1. Hi Prakash – it looks as if there is a missing address or location in your input file. That or a comma in the wrong place – you need to examine the file to find an errors in the input data.

    1. It processed around 900 records in half hour for me. This was with Sys.sleep(1) instead of Sys.sleep(60*60)

  16. HI Shane,

    Thanks for the extremely useful code.

    I am using this for schools. However it is taking an extremely long time to do, around 3 schools every hour (sometimes no schools in an hour), before it hits the query limit.

    Below is an example format I am using. As you can see they some may have longer addresses. Could this be the issue? Or is it normal for it to take this long?

    PRESENTATION PRIMARY SCHOOL, TERENURE, DUBLIN 6W, Ireland
    BEACAN MIXED N S, BEKAN, CLAREMORRIS, CO MAYO, Ireland

    Many Thanks,
    PMc

    1. Change where it says Sys.sleep(60*60) to Sys.sleep(1)

      This will then retry every 1 second.

      The limit is so many records per second.

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  18. Shane you legend. Worked perfectly. I changed the time to retry every 1 second and is currently processing 4800 records. No more time consuming geo coding! 🙂

  19. I’ve noticed it doesn’t work with foreign characters such as á æ ü.

    It falls over on that record.

    I got round it by using a replace all in Excel so á with a – æ with ae etc.

    (These are Scandinavian characters. I’m not sure if it is an issue for other foreign countries)

  20. Thanks for this code Shane! It worked perfectly for me all summer, but since a week or two, I keep getting an OVER QUERY LIMIT message on the first query, and never get past that. I already tried changing the order of the requests and checking the input data for any weirdness, and changing Sys.sleep to 5. No luck.. Could this have something to do with the changes at Google since 11 June? Is there a way to work an API key into the code? Experiences, anyone?

    Thanks,

    Jessica

    1. Hi Jessica, thanks for getting in touch. Unfortunately the “ggmap” library for R is quite restrictive and doesn’t let you put in an API key (or at least didn’t). Overall I’ve found the Python scripts easier for this since you can add a key. I might look at rejigging this script to use just a http request rather than the GGMAP library and that way we can use the API key effectively.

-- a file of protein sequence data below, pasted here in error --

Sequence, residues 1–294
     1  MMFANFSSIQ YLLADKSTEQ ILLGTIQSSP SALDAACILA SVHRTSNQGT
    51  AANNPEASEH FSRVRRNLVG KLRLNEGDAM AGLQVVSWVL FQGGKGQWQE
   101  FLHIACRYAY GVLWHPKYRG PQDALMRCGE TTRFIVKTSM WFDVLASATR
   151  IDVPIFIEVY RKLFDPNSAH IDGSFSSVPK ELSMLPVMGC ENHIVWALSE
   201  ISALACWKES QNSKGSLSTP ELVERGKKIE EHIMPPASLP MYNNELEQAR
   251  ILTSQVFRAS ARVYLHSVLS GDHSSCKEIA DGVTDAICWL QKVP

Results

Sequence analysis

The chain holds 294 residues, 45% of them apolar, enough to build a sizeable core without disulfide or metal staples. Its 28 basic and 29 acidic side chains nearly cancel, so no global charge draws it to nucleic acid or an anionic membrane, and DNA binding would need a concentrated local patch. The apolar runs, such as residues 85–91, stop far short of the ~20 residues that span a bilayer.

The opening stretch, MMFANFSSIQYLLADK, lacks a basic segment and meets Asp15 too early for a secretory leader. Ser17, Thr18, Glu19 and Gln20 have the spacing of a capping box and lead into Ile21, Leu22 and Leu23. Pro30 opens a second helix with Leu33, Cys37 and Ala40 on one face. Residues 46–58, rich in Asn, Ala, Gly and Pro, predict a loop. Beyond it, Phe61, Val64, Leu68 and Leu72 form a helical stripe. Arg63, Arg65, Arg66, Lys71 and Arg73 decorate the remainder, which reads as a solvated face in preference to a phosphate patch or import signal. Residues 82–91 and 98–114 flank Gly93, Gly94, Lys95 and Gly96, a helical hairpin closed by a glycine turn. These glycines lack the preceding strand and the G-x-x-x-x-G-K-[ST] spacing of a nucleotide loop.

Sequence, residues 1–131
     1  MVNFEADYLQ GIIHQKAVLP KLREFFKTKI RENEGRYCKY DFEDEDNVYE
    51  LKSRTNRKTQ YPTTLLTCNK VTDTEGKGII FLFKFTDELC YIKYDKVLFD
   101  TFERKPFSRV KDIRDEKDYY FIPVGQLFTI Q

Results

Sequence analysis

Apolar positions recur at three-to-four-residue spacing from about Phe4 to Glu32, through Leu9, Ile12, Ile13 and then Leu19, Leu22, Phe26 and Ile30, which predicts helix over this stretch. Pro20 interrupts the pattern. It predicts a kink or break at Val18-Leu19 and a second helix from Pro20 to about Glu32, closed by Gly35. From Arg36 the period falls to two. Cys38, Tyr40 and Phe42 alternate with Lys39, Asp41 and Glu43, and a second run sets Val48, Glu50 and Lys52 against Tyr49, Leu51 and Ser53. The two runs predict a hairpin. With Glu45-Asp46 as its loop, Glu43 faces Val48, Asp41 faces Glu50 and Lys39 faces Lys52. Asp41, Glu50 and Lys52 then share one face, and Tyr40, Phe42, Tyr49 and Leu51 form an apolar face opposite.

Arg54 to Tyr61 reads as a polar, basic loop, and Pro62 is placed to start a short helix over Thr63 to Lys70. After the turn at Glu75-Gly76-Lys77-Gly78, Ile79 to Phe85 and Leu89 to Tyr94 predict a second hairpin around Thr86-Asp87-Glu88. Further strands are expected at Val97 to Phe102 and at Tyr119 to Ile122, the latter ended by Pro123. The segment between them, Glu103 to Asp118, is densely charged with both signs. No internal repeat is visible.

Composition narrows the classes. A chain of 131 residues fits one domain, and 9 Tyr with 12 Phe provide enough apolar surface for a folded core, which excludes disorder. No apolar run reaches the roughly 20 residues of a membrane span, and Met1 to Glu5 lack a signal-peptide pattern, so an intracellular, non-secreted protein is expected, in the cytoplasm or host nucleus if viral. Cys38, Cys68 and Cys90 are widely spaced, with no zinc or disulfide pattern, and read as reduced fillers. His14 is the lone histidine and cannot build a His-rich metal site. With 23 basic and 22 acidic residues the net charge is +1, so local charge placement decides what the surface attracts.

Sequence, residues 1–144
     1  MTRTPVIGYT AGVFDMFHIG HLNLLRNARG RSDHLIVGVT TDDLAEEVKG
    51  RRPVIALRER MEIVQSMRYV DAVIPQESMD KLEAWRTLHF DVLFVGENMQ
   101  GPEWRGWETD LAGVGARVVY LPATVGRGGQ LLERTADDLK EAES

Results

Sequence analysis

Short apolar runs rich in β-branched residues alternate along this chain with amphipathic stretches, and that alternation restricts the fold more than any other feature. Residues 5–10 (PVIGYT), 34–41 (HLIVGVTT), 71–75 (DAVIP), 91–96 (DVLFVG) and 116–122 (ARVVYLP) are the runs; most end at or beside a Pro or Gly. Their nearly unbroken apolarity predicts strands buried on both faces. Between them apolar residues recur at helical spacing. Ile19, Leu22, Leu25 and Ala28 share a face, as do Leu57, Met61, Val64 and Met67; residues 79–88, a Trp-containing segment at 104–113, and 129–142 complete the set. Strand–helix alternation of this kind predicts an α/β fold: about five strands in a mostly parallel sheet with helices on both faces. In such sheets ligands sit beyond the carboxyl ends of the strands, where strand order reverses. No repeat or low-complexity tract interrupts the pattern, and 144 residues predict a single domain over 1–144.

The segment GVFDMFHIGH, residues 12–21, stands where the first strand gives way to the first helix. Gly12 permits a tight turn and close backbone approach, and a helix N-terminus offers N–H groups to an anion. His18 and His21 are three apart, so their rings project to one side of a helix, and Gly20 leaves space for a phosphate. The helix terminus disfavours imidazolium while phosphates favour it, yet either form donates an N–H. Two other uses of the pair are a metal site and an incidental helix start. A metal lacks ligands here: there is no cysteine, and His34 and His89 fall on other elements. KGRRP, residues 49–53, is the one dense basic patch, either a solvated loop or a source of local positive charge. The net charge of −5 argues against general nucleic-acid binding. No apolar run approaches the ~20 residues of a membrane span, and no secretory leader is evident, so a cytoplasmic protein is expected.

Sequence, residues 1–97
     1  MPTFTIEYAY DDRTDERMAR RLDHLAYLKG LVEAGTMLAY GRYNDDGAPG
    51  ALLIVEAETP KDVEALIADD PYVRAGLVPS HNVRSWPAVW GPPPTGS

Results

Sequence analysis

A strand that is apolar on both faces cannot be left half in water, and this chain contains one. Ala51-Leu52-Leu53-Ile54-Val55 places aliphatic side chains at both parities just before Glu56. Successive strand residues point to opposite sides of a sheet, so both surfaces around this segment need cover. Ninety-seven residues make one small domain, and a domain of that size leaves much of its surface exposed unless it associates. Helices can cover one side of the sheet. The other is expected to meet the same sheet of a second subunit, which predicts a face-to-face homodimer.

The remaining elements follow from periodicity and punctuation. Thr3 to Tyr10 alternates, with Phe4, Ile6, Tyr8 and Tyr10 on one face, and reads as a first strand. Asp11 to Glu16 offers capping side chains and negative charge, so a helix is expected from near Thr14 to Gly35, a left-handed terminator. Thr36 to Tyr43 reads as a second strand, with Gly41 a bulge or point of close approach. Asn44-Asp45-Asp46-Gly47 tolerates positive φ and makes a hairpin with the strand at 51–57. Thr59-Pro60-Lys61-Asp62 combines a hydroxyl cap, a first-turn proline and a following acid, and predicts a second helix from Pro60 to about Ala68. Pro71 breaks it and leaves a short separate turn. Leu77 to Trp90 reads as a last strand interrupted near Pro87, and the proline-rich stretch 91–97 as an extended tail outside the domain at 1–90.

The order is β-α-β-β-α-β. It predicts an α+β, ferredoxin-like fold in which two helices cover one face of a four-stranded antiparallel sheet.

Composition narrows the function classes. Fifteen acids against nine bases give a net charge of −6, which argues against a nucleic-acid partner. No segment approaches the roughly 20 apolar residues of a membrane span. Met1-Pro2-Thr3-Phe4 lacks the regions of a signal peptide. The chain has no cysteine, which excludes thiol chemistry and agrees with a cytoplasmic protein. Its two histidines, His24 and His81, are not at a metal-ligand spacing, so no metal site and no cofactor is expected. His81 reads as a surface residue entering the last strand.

1. Thanks for the swift replies. Yes, this is the conclusion I came to as well..
          I found a possible solution on Github – which uses a newer version of ggmap not yet on CRAN (https://github.com/dkahle/ggmap/issues/83 scroll all the way down to the last two posts from four days ago). Still considering whether it’s worth setting up an API key and billing, or whether to ditch Google altogether and use DSK or OSM instead for geocoding.

  21. Hi, I am getting this error. I’ve narrowed it down to the following snip.

    for (ii in seq(startindex, length(addresses))){
    print(paste(“Working on index”, ii, “of”, length(addresses)))
    #query the google geocoder – this will pause here if we are over the limit.
    result = getGeoDetails(addresses[ii])
    print(result$status)
    result$index <- ii
    #append the answer to the results file.
    geocoded <- rbind(geocoded, result)
    #save temporary results as we are going along
    saveRDS(geocoded, tempfilename)
    }

    $ operator is invalid for atomic vectors

    Do I need to change the data type? That might be a good approach, but i'm still new, so i'm still investigating.

    I'm also seeing that there is a change to the Google API. Is this approach still worth exploring? Or is your code broken at the moment? Nice job though m8. It was good while it lasted. 🙂

    1. Hi Richard, it seems that the Google API for geocoding has changed substantially – an API key is now required for all geocoding activities, and the ggmap library used by this script doesn’t support API keys. I’ll see if I can do an update to manually request the JSON from google and use an API key in the coming weeks! I think this causes the error with “result” in your snippet. For now though….I’d recommend using Python for this – I have a similar script that will do the trick!

      1. Actually Richard – for a workaround, see the link from Jessica in the last comment – you can patch ggmap with the devtools library and install a different version that supports Google API keys.

        1. Heads up;

          > geocode(data$addresses, output = data$geocode, source = “dsk”)
          Error in geocode(data$addresses, output = data$geocode, source = “dsk”) :
          datasciencetoolkit.org terminated its map service, sorry!

          Looks like DSK is discontinued.

          I did get google to work ALMOST, HOWEVER, they want my billing information and I’m not comfortable with that since i’m not 100% sure if I did it right. The last thing I want is to charge a work project to my personal credit card on a hunch. 😉 But the repeating functions do work now. I just get Access Denied errors now.

          geocode failed with status REQUEST_DENIED, location =

          Betcha it’s my credit card they want. That’s a no from me for now.

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  23. Just want to say, if you are having to wait to geocode 2500 addresses a day, a better solution would be to set up your own geocoder using POST Gis and Census Tiger shapefiles. I set that up for a project that needed to geocode 20 million addresses.